In 2016, a wave of anger swept across the globe as millions of jobs in manufacturing disappeared. While globalization was often blamed, even in China, the country that has perhaps benefitted the most from global trade in recent years, the same trend faces its working class with up to 77 percent of jobs reported to be at risk to automation. The Chinese government is supporting this shift toward automation as the solution to the country's loss of competitive advantage in cheap labor, which has been diminished by a growing middle class and aging population. In Guangdong province, a manufacturing hub, municipal governments have approved a 150-billion-dollar plan to realize Xi Jinping's proposed "robot revolution" in manufacturing. As China transitions from a manufacturing to a service economy with the help of industrial robotics, questions remain as to how the government will manage to reskill the millions of people who currently rely on manufacturing jobs and supply them with middle-class incomes.
Chinese for Business Blog
Learning how to use Chinese well can help you develop trust with your boss or manager by demonstrating that you are invested in Chinese culture and in working in a Chinese company. While it's not necessary to be fluent to be successful in China, knowing the right phrases and when to say them can go a long way towards developing your relationship with boss (老板 lǎobǎn), manager (经理 jīnglǐ), or "leaders" (领导 lǐngdǎo), as lower-level supervisors are sometimes called. Success in many industries in China is dependent on relationships, so do your best to make the most of
While some foreign professionals in China are fluent in Mandarin to the point where they can give speeches and presentations in Chinese, there are also expats who do well in first-tier Chinese cities without speaking much Chinese. Since each person's career path is different, it is difficult to say just how much Chinese is going to help you make the most of the job experience in China. However, any effort made at learning Chinese can help you in a business context in China, as it demonstrates that you are invested in the country and are making an effort to understand the needs and attitudes of those you are working with.
Over two thousand years ago, ancient Roman demand for luxury silks imported from China was so strong that the Roman Senate tried, in vain, to ban the consumption of silk. Rome eventually procured its own silk production methods when Byzantine (Eastern Roman) Emperor Justinian (527-565 CE) reportedly sent spies to China to steal silk worms and bring them back to Greece. However, Byzantine silks never attained the quality of those imported from China, and it was not until European colonial powers dominated overseas trade that the importance of the Silk Road (丝绸之路 Sīchóu zhī lù) over land routes connecting the West to China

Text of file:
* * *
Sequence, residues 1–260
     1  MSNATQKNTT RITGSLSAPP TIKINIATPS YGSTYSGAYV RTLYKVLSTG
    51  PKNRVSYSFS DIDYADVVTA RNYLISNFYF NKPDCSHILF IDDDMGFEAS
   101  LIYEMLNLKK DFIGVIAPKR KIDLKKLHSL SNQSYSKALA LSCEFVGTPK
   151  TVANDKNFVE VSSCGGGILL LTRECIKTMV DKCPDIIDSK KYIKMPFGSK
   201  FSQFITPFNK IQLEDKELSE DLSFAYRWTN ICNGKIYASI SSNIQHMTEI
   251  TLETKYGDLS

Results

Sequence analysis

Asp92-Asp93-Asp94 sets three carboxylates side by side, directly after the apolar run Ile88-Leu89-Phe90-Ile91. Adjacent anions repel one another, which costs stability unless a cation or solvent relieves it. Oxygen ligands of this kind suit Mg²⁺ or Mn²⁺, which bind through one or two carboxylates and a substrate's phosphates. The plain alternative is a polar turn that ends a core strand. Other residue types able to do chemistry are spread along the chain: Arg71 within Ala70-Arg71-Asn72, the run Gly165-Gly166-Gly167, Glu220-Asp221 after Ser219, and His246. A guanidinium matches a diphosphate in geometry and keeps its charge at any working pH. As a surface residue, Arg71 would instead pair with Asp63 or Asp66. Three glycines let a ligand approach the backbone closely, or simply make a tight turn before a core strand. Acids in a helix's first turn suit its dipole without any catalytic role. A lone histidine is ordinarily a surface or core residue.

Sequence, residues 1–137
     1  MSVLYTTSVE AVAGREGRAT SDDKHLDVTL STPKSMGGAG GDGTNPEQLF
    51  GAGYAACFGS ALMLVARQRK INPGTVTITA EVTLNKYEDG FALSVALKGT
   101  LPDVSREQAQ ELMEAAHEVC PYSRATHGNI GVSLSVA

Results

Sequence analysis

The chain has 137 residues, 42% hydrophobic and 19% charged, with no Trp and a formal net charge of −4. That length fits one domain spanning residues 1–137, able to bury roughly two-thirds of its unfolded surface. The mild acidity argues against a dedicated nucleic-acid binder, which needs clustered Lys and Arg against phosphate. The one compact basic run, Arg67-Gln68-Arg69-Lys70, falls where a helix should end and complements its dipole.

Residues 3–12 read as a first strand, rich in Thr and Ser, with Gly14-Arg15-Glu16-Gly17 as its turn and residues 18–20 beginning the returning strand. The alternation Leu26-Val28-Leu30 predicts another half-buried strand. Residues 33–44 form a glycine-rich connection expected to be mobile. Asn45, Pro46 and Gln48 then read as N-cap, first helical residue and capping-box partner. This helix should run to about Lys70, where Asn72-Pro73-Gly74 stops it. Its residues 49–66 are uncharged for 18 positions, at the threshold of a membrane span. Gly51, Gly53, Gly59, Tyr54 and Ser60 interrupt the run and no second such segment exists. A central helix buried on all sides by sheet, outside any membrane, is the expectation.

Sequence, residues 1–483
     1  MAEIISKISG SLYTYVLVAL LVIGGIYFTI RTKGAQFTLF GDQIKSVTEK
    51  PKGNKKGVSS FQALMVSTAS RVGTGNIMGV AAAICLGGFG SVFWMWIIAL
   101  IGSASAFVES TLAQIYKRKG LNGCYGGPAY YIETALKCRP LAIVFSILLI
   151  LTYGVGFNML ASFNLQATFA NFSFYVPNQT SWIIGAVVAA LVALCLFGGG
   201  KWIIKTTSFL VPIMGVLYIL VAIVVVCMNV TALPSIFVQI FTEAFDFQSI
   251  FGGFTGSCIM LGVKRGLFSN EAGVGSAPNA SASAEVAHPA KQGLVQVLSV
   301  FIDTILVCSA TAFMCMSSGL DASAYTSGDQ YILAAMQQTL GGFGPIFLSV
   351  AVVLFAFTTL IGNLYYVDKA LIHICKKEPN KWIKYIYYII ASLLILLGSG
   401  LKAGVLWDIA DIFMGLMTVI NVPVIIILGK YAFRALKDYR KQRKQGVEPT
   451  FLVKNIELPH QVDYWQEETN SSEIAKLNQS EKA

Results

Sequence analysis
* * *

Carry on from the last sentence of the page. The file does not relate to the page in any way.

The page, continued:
Just as Silk Road trade routes made ancient China prosperous, modern China's economic miracle is a product of globalization. In recognition of the importance of global trade, and in order to offset slowing growth and excesses of industrial capacity at home, China has announced the "One Belt One Road" (一带一路 Yīdài yīlù) initiative, which proposes to create cohesive regional economic zones connecting China to the rest of the world.
The English expression "to save face" comes from the Chinese word for face (面子 miànzi), which describes one's reputation or dignity in social contexts. Concepts of honor, prestige, and respect exist in every culture, but in China, they play an instrumental part of most social interactions, especially in the business world. Mianzi promotes trust and respect, which are crucial to gradually building guanxi (关系guānxì), or connections, the engine oil of the Chinese economy. Mianzi is often misunderstood as narcissism possibly because of the popularity of fancy cars, designer clothing, and all the other trappings of status-obsession seen in major Chinese cities. However, the Chinese concept of
The annual, Victoria’s Secret Fashion Show, famously dubbed “The Sexiest Night On Television,” aired on CBS last night. This year, Victoria’s Secret made a decision to appeal to the Chinese market. And it wasn’t exactly subtle.